COLLABORATION across disciplines and across languages plays a significant role in the enrichment and advancement of any teacher/scholar’s projects. The fostering of ideas and dialogical exchanges leads to innovative research activities with numerous outcomes. From publications to external grant funding, to team-taught courses and the exploration of new teaching models drive the innovative development of UG and Graduate curriculum while preserving its core. Collaboration enables community engagement activities that intersect faculty research and/or pedagogical agendas.
I photographed the image above in 2005 while visiting an association (cooperativa) of Indigenous women weavers near Cuzco (Peru). I was drawn to this artifact because it shows its original elements, highlights the process and anticipates the outcome. Different colors and threads come together in the loom to design and produce an intricate, diverse and beautiful textile that yield multiple meanings. This image constitutes a visual metaphor for collaboration.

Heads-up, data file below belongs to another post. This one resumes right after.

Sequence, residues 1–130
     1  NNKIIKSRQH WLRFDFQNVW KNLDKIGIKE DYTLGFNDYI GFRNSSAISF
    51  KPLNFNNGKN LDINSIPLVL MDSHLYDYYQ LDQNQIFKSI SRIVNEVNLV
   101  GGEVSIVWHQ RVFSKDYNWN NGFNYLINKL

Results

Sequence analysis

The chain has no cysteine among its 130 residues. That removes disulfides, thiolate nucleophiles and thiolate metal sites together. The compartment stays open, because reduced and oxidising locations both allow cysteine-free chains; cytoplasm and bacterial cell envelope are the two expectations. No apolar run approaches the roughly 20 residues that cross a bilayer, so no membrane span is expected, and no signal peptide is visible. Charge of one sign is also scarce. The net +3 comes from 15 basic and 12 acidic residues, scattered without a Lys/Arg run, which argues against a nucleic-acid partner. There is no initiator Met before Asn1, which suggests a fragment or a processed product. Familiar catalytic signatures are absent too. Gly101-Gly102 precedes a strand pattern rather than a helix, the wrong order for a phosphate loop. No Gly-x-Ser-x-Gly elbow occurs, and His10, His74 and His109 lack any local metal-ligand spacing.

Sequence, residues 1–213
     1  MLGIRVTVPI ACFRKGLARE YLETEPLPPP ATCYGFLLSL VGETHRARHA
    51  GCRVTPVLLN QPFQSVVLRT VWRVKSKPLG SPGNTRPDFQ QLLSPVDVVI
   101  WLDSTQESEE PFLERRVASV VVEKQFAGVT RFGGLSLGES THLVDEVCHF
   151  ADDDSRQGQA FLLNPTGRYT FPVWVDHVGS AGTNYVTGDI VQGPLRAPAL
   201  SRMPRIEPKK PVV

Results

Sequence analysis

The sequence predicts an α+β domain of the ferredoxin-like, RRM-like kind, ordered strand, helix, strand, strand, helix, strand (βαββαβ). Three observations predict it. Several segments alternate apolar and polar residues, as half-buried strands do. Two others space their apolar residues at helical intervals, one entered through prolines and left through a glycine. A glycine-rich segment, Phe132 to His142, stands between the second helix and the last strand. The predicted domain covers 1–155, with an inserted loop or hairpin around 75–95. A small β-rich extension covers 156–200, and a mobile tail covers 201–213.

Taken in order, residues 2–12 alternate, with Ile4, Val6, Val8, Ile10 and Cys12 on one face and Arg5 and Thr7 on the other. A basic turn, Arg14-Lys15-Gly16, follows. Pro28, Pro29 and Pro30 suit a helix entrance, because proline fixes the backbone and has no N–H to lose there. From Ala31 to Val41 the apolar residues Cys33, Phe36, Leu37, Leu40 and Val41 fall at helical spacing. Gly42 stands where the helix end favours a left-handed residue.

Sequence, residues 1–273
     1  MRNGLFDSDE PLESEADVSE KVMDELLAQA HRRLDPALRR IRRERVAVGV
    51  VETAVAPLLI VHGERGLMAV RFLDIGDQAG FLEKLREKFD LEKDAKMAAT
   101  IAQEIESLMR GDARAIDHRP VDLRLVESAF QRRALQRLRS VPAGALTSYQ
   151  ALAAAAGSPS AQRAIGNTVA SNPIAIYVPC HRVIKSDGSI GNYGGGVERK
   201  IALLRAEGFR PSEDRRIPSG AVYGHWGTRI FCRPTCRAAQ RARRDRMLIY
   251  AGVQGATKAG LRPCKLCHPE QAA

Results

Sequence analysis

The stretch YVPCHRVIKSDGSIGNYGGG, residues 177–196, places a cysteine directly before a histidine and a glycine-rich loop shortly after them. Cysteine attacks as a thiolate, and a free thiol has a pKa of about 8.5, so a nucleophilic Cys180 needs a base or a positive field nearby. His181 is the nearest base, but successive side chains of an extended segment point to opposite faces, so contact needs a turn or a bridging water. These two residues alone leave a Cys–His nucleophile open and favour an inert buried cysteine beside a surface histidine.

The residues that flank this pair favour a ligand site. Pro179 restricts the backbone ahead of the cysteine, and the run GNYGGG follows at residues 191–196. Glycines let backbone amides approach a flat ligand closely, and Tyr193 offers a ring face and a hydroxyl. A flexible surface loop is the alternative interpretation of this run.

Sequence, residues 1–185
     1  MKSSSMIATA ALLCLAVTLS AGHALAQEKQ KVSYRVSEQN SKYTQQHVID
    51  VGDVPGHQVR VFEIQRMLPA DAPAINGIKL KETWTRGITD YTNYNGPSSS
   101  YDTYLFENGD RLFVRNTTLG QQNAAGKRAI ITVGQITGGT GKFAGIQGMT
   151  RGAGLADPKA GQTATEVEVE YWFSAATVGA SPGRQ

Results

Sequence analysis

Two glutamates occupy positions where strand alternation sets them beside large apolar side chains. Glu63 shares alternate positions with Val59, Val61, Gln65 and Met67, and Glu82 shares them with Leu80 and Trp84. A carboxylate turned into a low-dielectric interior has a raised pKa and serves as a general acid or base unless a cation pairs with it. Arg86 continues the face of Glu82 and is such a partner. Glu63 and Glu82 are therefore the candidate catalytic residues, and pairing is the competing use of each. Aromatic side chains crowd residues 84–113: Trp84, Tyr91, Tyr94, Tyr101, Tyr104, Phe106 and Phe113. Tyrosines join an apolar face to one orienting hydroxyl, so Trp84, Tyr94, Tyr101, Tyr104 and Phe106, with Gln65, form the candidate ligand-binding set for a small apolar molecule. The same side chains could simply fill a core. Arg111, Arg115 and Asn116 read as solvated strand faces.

In this section, you will find samples of my collaborative initiatives and activities with colleagues and students who work in my field and in other areas of specialization (American Indian Studies, Anthropology, Art History, Education, History, Packaging, Visual studies, Writing and Rhetoric, among others). Our academic work should not only reach out to the non-academic community but also find common ground with community members to develop initiatives which appeal to the interests of general audiences inspiring them to move to action.
Collaborative activities are organized as follows:
• Research collaborations
• Outreach or Engaging the Community
• Teaching and Learning
If you are interested in sharing ideas and discussing a possible collaboration, contact me to meet (in person, by phone, Skype or Zoom).